A bellwether of creativity and queer art in San Antonio, Saakred has stepped into new territory with Make Believe, a vision of taut and emotional rock 'n' roll. On previous releases like 2013's Fli Hy and 2014's Ballroom Sessions, Saakred dabbled in electronic treatises and one-on-one songwriter sessions.
On Make Believe, backed by bassist Andy Bernal and drummer Robert Gonzalez, Saakred drops into an otherworld of weeping guitar and mystic voices.
Outside the studio, Saakred is in brave new territory as well, coming out as transgender earlier this year. The first effort since that personal revelation, Make Believe finds Saakred navigating outside the gender binary, searching for the joys and exquisite pains of life.
On "Not Enough," Saakred sings in a deep lament about being placed in the margins. "Boss forgot my name again," Saakred howls, before entering into a torrid post-punk riff.
On the five-track effort, Saakred creates a sense of piety, a doctrine referred to as the "holiness of everything." On "Pray," this personal canon resonates when Saakred repeats the title line like a mantra and cuts into a goosebump riff.
In anticipation of the release at The Ten Eleven on Friday, we spoke to Saakred on transgender life, Make Believe and losing an old identity as Melissa Ruizesparza Rodriguez to more fully become an artist.
Saakred seems to be a creative project in a permanent state of flux. Where is it right now?
When I started Saakred, I thought so long about the name I wanted to call this project specifically. And then it began to morph into my identity. It's really allowed me to morph as a person, to become really who I want to be. Everything about changing your name is really empowering for me, for somebody who has had a lot of questions about my own gender.
There's a lot of sadness in a lot of my music. With this album, this is me finally coming into myself. I'm also shedding the identity of Melissa. It doesn't resonate with me anymore. I've come into my identity as transgender. Having a new name has totally allowed me to imagine myself in a new way.
Make Believe has taken on new meaning, imagining myself as who I want to be or as who I see myself to be. That idea is used in terms of how to make your dreams a reality.
On Make Believe, do you speak directly to your recent announcement as transgender?
I don't know how my femininity or masculinity is translated through my music, but it's a reflection of who I am. There's some really fucking gnarly intense parts and some gentle whispers in your ear.
A lot of the reasons I felt empowered to come out was knowing that there are a lot of other people in my position or worse that can't. They feel that their life would be in danger if they came out. I feel protected in this community, at least.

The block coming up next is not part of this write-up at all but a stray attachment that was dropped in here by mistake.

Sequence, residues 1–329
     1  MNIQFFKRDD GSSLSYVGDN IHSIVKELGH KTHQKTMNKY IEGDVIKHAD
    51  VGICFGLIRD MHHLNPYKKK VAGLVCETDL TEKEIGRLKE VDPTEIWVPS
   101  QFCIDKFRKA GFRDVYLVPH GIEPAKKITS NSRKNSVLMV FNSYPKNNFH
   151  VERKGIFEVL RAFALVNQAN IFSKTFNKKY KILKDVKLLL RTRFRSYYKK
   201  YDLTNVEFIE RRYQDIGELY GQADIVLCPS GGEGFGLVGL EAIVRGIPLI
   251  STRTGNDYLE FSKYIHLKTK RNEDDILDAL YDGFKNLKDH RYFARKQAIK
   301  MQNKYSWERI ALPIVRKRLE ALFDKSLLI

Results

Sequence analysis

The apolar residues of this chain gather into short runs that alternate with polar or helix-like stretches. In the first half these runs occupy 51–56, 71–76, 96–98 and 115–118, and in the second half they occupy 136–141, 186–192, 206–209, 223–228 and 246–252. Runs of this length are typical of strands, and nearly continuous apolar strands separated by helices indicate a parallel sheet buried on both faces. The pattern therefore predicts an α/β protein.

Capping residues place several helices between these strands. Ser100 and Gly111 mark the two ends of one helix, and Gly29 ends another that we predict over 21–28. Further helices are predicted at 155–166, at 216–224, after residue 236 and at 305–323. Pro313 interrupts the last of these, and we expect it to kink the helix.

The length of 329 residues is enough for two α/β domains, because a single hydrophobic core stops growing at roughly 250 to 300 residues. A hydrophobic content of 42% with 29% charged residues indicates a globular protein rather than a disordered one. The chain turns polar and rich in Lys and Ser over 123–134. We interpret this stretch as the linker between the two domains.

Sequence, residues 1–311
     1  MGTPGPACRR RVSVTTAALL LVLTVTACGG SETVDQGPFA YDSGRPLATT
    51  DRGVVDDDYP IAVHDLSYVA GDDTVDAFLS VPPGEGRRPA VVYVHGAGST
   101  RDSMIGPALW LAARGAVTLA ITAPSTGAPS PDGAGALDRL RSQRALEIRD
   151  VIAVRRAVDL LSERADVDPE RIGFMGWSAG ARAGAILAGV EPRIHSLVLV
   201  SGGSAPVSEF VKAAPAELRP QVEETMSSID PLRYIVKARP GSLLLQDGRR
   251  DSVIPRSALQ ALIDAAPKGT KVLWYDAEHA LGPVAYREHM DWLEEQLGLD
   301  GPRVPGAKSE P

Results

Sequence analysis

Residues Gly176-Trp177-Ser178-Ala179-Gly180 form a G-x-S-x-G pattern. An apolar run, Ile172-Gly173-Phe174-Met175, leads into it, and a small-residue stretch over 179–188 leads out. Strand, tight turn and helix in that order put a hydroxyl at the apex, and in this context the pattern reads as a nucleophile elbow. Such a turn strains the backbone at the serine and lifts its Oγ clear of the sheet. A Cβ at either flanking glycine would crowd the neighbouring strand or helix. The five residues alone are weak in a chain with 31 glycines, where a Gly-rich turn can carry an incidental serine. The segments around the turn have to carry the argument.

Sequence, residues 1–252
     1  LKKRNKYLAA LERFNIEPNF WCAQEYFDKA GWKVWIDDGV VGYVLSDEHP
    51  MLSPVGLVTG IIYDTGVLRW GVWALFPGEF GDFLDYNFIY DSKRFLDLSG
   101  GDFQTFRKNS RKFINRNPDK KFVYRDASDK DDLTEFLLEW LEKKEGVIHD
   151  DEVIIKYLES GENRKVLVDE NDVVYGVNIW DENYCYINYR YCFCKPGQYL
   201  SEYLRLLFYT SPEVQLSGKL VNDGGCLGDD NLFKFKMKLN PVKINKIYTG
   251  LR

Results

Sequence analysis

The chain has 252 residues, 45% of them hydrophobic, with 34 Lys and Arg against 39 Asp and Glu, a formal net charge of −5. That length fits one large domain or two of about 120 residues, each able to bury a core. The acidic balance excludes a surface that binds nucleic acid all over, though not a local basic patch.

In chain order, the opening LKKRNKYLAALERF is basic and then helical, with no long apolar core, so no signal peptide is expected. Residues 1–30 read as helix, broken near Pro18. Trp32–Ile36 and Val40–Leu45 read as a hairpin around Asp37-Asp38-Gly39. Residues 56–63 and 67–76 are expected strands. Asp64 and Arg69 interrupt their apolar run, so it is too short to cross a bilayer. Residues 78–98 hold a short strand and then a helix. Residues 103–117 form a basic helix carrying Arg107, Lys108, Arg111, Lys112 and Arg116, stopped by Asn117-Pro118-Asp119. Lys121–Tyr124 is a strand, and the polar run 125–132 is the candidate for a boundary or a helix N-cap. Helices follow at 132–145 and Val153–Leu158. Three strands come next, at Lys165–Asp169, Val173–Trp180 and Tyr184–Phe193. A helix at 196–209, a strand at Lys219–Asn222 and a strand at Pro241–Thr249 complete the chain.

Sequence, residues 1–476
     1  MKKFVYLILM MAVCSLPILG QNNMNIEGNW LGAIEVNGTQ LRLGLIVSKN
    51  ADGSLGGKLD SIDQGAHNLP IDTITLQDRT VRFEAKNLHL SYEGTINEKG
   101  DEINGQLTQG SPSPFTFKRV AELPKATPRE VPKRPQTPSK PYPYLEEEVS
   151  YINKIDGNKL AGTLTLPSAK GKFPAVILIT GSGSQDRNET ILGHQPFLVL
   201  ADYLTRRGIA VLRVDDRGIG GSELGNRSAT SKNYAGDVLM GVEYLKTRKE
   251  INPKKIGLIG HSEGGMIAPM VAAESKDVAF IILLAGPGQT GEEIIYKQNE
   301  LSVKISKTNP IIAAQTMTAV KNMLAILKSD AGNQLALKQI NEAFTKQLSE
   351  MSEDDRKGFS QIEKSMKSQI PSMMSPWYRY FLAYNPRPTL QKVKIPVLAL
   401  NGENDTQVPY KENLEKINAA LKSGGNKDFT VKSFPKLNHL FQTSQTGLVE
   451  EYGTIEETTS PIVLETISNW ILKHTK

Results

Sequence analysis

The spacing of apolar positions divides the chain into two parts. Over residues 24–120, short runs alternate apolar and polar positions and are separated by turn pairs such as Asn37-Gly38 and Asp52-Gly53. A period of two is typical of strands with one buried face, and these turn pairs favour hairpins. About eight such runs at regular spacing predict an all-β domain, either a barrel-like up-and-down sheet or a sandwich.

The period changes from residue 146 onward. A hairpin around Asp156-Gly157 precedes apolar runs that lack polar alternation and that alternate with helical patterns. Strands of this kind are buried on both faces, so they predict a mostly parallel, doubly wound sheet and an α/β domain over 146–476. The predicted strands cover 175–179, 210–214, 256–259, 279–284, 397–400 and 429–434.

But I don't know how that's going to translate to the way I talk about or promote myself. Am I a transgender artist now, or just a musician?
The language on this effort is very simple, but very powerful. How did you approach the songwriting aspect?
The way that I write is very stream-of-consciousness. I don't ever write down lyrics.
That's where the catharsis comes in — you're able to pull out things from your subconscious. It's my daily vocabulary. I'm not consciously trying to be poetic.
I could write really political music and I tried that. What felt more real was to talk about my experience of being alive and living. That's Make Believe.
Your voice is an instrument, but not in a traditional melodic sense. How have you refined this tool of yours?
Those are the moments, when I'm in a four-hour trance, I've felt my voice change. There's a physical moment when you enter an out-of-body experience. You're able to transcend the physical world. When those moments happen, my voice is physically starting to change my throat, like a psychedelic experience being sober.
That sounds very spiritual.
That's what Saakred is about. It's the holiness of everything. Holiness in the sense that it's magical or pure. The dynamics of these songs are everything about the natural movement of the Earth. The way that natural systems are. They shift and sometimes it's calm and then a fucking storm comes. It's inherent in the human and I'm just translating my experience as a human being.
$3, 10pm Friday, March 6, The Ten Eleven, 1011 Avenue B, 320-9080, theteneleven.com
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